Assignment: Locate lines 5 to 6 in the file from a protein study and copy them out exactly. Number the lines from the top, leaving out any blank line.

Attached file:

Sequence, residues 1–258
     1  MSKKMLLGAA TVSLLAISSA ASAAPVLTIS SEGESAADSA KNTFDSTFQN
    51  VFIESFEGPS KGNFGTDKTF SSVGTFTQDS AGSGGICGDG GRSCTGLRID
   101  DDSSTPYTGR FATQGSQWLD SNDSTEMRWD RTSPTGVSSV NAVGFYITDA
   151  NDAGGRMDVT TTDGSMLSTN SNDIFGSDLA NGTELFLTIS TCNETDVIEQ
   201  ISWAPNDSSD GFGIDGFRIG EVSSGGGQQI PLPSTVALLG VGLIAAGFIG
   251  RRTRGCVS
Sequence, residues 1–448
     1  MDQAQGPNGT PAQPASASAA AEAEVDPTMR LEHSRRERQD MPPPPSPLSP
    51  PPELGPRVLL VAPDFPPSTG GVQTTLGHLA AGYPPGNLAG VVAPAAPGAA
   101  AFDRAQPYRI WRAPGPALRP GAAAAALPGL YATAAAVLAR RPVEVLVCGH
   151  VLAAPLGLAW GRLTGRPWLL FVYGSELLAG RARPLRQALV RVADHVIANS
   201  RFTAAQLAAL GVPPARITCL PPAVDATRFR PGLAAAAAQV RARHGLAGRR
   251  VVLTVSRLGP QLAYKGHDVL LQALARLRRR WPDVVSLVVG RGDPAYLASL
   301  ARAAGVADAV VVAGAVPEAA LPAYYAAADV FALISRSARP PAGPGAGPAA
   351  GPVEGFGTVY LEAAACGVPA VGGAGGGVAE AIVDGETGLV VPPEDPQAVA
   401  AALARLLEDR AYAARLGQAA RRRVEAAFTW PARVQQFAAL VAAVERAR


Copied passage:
   151  NDAGGRMDVT TTDGSMLSTN SNDIFGSDLA NGTELFLTIS TCNETDVIEQ
   201  ISWAPNDSSD GFGIDGFRIG EVSSGGGQQI PLPSTVALLG VGLIAAGFIG